Curmudgeonly race officials showed no mercy on Tuesday after kicking out 30-year-old Tour debutant Ted King because he finished seven slender seconds outside the official cut-off point.
The Canondale rider had already battled his way through excruciating pain to even make it to Nice, but according to official timekeepers Festina he finished the 25km team time trial in 32:32.
That meant he missed the 25 per cent time limit by one second less than Greg LeMond's total advantage over Laurent Fignon in the famous 1989 Tour finale in Paris. Not a bad effort considering that his injury-wracked body meant that he'd had to leave his team-mates to go on ahead of him, but not enough for tour organisers who applied the letter of the law and threw him out of the race.
This was the same Ted King who crashed heavily on stage one owing to the chaos brought about by the race organisers' rather ham-fisted handling of the Orica-GreenEdge bus debacle.
The same Ted King who effectively soloed a team time trial event on a road bike (not a special aerodynamic TT bike) in a bid to ease the excruciating pain from separating his left shoulder in that avoidable opening day pile-up.
Separating is what you do after a tough marriage. Not something you should have done to a limb - especially a limb needed to ride a rather demanding limb-reliant bike race.
And yet King pressed on through two tortuous days in the Corsican hills. There was no way that King, in his debut Tour at the relatively old age of 30, was not going to at least make it to mainland France. In his head, there was no way he was not going to make it all the way to Paris.
King was prepared to ride the whole of a team time trial on his own, in front of massive crowds on the French Riviera, just to keep his dream of reaching Paris alive - something he has been determined to do since turning professional quite late in the game in 2006.
It was cycling's equivalent of doing the walk of shame - and King did it pretty much from the moment Cannondale zipped down the ramp.
Before his team-mates had even reached the Promenade des Anglais, King stood out like a lone girl dolled up to the nines and returning home on a Sunday morning after spending the night at the flat of the professional footballer she met down the local nightclub, (let's acll it 'Legends').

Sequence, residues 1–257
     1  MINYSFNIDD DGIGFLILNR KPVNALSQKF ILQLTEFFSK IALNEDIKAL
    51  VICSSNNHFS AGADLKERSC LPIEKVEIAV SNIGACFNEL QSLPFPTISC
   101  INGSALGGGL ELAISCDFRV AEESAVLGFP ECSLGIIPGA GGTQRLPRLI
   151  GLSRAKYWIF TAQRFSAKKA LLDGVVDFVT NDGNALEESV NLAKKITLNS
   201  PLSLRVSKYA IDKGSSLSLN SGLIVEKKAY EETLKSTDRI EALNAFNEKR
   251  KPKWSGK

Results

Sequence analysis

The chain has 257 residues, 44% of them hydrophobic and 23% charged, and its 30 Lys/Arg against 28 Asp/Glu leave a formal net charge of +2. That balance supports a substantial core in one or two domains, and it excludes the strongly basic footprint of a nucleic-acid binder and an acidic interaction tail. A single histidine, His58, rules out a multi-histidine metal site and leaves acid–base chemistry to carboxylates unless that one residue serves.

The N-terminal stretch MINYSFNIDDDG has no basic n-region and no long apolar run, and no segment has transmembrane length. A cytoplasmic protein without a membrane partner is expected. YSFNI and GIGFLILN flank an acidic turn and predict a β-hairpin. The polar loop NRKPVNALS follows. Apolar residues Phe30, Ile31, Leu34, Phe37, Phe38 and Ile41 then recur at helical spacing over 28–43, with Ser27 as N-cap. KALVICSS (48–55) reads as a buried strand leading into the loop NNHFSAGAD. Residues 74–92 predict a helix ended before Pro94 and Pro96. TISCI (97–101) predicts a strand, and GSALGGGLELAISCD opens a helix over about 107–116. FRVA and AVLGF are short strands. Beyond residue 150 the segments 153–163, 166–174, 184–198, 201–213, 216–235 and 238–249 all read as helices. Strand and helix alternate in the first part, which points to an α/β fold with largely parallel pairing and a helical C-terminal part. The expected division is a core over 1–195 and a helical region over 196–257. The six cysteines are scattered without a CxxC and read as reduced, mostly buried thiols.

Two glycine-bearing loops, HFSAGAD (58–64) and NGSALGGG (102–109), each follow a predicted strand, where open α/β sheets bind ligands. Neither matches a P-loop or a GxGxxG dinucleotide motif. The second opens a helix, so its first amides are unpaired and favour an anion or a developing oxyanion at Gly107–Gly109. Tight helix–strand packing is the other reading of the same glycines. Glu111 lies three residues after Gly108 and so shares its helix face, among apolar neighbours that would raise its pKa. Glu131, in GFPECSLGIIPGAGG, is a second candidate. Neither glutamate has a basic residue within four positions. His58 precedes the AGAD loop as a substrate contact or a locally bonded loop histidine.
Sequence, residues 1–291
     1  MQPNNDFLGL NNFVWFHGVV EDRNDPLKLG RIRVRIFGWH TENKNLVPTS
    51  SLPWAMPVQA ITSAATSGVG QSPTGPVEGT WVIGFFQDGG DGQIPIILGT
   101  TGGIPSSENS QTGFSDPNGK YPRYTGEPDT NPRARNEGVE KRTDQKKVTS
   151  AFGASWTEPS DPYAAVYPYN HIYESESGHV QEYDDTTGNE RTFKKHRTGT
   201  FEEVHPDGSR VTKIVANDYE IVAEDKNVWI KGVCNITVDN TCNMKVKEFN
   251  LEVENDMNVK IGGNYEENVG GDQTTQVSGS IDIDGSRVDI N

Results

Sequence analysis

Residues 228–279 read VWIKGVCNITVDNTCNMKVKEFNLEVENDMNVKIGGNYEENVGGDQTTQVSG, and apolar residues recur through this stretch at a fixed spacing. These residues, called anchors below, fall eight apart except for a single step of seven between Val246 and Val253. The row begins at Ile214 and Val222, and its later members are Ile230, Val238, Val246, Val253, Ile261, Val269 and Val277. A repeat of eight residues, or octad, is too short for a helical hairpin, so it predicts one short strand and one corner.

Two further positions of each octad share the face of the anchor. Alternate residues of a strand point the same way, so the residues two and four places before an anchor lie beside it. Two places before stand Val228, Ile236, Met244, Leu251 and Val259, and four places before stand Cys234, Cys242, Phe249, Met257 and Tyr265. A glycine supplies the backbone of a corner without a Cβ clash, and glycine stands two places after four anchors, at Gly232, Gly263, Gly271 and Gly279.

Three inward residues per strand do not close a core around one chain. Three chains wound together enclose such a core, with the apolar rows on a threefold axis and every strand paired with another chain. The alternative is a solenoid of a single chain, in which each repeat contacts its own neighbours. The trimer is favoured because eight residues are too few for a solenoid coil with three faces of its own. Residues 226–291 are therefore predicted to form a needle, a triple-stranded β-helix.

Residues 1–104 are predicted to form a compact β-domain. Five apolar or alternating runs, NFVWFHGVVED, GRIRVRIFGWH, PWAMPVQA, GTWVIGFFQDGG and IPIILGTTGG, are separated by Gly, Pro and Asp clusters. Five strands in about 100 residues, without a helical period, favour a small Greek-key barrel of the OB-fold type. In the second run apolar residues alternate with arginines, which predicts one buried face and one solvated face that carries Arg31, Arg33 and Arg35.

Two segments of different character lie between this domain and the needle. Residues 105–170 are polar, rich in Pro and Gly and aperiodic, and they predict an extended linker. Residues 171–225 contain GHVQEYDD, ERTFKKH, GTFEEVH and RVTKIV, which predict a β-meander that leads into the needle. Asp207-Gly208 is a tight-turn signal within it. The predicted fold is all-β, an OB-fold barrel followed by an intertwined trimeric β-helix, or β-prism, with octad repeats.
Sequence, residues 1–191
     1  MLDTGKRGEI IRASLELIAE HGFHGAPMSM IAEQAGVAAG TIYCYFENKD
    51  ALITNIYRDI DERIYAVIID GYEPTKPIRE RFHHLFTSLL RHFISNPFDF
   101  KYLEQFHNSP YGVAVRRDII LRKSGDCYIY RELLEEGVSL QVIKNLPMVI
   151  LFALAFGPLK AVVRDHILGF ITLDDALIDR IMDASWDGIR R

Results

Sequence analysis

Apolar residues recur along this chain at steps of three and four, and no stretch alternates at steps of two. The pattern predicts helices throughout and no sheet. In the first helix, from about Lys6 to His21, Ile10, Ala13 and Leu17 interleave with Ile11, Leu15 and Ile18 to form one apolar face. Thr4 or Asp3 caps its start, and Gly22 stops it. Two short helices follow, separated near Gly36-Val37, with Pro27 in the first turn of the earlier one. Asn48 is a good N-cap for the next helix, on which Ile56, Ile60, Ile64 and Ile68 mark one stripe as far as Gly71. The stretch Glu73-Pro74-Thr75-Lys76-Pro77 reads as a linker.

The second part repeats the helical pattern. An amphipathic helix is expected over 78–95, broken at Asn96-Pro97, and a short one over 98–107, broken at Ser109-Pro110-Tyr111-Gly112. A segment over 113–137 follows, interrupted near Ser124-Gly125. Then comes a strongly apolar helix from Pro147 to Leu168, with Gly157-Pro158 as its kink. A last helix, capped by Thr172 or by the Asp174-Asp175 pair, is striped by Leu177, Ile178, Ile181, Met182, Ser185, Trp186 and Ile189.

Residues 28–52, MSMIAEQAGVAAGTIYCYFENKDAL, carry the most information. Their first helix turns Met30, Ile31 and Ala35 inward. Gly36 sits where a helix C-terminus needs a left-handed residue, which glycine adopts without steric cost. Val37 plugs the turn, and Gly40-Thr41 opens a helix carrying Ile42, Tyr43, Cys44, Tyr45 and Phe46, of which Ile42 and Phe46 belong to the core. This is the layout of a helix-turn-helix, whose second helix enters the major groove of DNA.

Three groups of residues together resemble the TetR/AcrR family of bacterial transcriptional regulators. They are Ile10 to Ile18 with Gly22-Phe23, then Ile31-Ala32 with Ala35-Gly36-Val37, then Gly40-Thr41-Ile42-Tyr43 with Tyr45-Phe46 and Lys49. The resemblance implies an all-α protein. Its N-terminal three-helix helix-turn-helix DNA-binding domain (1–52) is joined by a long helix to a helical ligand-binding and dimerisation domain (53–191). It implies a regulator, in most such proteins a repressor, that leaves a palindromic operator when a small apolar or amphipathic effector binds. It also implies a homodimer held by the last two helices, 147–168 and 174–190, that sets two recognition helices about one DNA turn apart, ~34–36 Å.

But seriously, on a day that Orica-GreenEdge beat the world champions in the discipline to set a new record average speed for a TTT in any Grand Tour, King fought tooth and nail to finish within the time limit. Only to be told that he was HD - "hors delai" - by seven seconds.
King's team led the protests, staying they couldn't understand why the jury wouldn't reconsider their decision to kick a man when he was down.
"They didn't want to listen to our explanation," said Cannondale spokesman Paolo Barbieri. "Ted was racing with a shoulder injury and he raced with a road bike. He was very brave. He did not stop fighting. Those are the qualities of cycling, yet they did not want to change their minds. It is Ted's dream to race the Tour. We cannot believe it."
Support from King's fellow riders came through on Twitter thick and fast.
"We should make a little protest to allow him to start tomorrow," wrote Jani Brajkovic of Astana.
"Let's choose humanity over silly rules!! We support him to stay in!!" said Jens Voigt!!
Fellow American Timmy Duggan suggested that HD actually stood for "heroic dude".
One random voice on Twitter even raised a very salient point: "What happened today with Ted King is one reason why so many past riders felt pressured to do drugs to stay in races like the Tour."
King himself disputed that he finished outside the limit in the first place, posting a picture of his SRM numbers that showed his time at the finish to be 32:24 as opposed to the 32:32 given to him by the officials. Taking King's time, he actually made the cut by one second.
Then rumours started to spread that King, because he wasn't using the time trial machine initially set up for him, didn't even have a timing chip on his frame.
It then all became not so much an issue of whether or not ASO should disregard the race jury and overlook a seven-second time cut - but rather about whether they accurately timed King in the first place.